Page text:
Definitions

from The American Heritage® Dictionary of the English Language, 5th Edition.

  • noun The act or an instance of exhausting.
  • noun The state of being exhausted; extreme fatigue.

from The Century Dictionary.

  • noun The act of exhausting, or of drawing out or draining off; the act of emptying completely of the contents.
  • noun The state of being exhausted or emptied, or of being deprived of strength or energy.
  • noun Specifically In geometry, a method formerly used for demonstrating the properties of curvilinear areas.
  • noun In logic, a method of proof in which all the arguments tending to an opposite conclusion are brought forward, discussed, and proved untenable or absurd, thus leaving the original proposition established by the exclusion of every alternative.
  • noun In physics, the act of removing the air from a receiver, as by an air-pump, or the extent to which the process has been carried.
  • noun In chem., the process of completely extracting from a substance whatever is removable by a given solvent, or the state of being thus completely deprived of certain soluble matters.

from the GNU version of the Collaborative International Dictionary of English.

  • noun The act of draining out or draining off; the act of emptying completely of the contents.
  • noun The state of being exhausted or emptied; the state of being deprived of strength or spirits.
  • noun (Math.) An ancient geometrical method in which an exhaustive process was employed. It was nearly equivalent to the modern method of limits.

from Wiktionary, Creative Commons Attribution/Share-Alike License.

  • noun The point of complete depletion, of the state of being used up.
  • noun Supreme tiredness; having exhausted energy.
  • noun dated, chemistry The removal (by percolation etc) of an active medicinal constituent from plant material
  • noun dated, physics The removal of all air from a vessel (the creation of a vacuum)

from WordNet 3.0 Copyright 2006 by Princeton University. All rights reserved.

  • noun extreme fatigue
  • noun the act of exhausting something entirely
  • noun serious weakening and loss of energy

Etymologies

Sorry, no etymologies found.

Examples

  • It is not only in _general_ nervous exhaustion, however, that electric baths exercise this salutary influence, but in the condition known as _cerebral exhaustion_ likewise.

    The Electric Bath

  • I now must collapse in exhaustion from a very painful and quick labor once the epidural wore off (I let it go off after she successfully flipped).

    A Good Birth | Her Bad Mother

  • - Joanne is doing a bloody brilliant job, in fact but there's going to come a point when even a publicist like Joanne, loyal as she is, is going to start asking exactly what the term exhaustion means.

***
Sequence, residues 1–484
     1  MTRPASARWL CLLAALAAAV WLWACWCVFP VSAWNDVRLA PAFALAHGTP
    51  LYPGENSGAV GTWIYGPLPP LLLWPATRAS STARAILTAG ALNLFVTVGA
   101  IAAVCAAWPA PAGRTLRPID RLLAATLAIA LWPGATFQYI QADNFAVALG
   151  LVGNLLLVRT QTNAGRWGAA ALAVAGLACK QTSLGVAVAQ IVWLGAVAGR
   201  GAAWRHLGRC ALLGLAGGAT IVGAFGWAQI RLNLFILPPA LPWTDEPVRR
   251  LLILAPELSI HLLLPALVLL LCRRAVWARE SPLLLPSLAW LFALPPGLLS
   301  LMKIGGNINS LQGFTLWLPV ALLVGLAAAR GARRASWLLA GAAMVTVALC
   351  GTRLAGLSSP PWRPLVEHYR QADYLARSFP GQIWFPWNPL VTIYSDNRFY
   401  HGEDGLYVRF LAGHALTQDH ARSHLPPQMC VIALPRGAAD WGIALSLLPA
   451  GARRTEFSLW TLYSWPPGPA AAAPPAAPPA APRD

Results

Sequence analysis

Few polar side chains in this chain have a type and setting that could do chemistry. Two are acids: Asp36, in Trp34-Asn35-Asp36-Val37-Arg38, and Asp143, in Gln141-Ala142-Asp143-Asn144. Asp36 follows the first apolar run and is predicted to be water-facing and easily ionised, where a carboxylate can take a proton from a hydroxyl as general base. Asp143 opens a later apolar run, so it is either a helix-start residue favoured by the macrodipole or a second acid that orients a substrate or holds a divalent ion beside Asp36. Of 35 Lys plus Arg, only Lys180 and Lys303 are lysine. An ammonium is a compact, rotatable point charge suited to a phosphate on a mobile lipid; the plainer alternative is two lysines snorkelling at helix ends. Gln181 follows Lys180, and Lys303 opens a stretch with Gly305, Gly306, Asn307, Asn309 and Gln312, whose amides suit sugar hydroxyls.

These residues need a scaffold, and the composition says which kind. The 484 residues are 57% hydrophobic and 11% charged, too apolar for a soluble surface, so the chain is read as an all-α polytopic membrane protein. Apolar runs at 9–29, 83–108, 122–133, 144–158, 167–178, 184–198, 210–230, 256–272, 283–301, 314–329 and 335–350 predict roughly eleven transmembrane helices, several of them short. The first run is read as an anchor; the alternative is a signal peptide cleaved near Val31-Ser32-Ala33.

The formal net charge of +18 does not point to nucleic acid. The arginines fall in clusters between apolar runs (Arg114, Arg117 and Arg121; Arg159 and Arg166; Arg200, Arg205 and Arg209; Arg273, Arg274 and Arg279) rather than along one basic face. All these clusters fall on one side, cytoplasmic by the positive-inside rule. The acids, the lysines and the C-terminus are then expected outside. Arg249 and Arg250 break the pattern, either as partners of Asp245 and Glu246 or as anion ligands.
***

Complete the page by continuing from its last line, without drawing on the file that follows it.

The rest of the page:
A Traitor to Memory

  • Without going at length into so wide a topic as the exercise of faculties and its reactive effects, it will be sufficient here to call to mind that every faculty (when in a state of normal activity) is most capable at the outset; and that the change in its condition, which ends in what we term exhaustion, begins simultaneously with its exercise.

    The Philosophy of Style

  • This defense is known as "exhaustion"-the third parties in question should be covered by the original license, so patent owners can't claim infringement by those third parties. filed suit against seven small independent developers.

    Ars Technica

  • He clumsily lifts the dead person back onto the pile of freshly killed human corpses, slumping over it in exhaustion, his lab coat cloaking the heap, but not entirely covering it.

    Michael Vazquez: ON THE 48TH ANNUAL NEW YORK FILM FESTIVAL

  • He clumsily lifts the dead person back onto the pile of freshly killed human corpses, slumping over it in exhaustion, his lab coat cloaking the heap, but not entirely covering it.

    Michael Vazquez: ON THE 48TH ANNUAL NEW YORK FILM FESTIVAL

  • He clumsily lifts the dead person back onto the pile of freshly killed human corpses, slumping over it in exhaustion, his lab coat cloaking the heap, but not entirely covering it.

    Michael Vazquez: ON THE 48TH ANNUAL NEW YORK FILM FESTIVAL

  • The exhaustion is so debilitating that from 1965 to 2006, TIME magazine reported in 2006, "the number of Catholic nuns in the U.S. has declined from 179,954 to just 67,773" (that's the "spirit"!).

    Jesuit: Obama is "the most effective spokesperson" for "the spirit of Vatican II"

  • And they run around the place, jabbering like loons for hours until they collapse in exhaustion

    Think Progress » Palin blames ‘Gore-gate’ for ‘this snake oil science stuff.’

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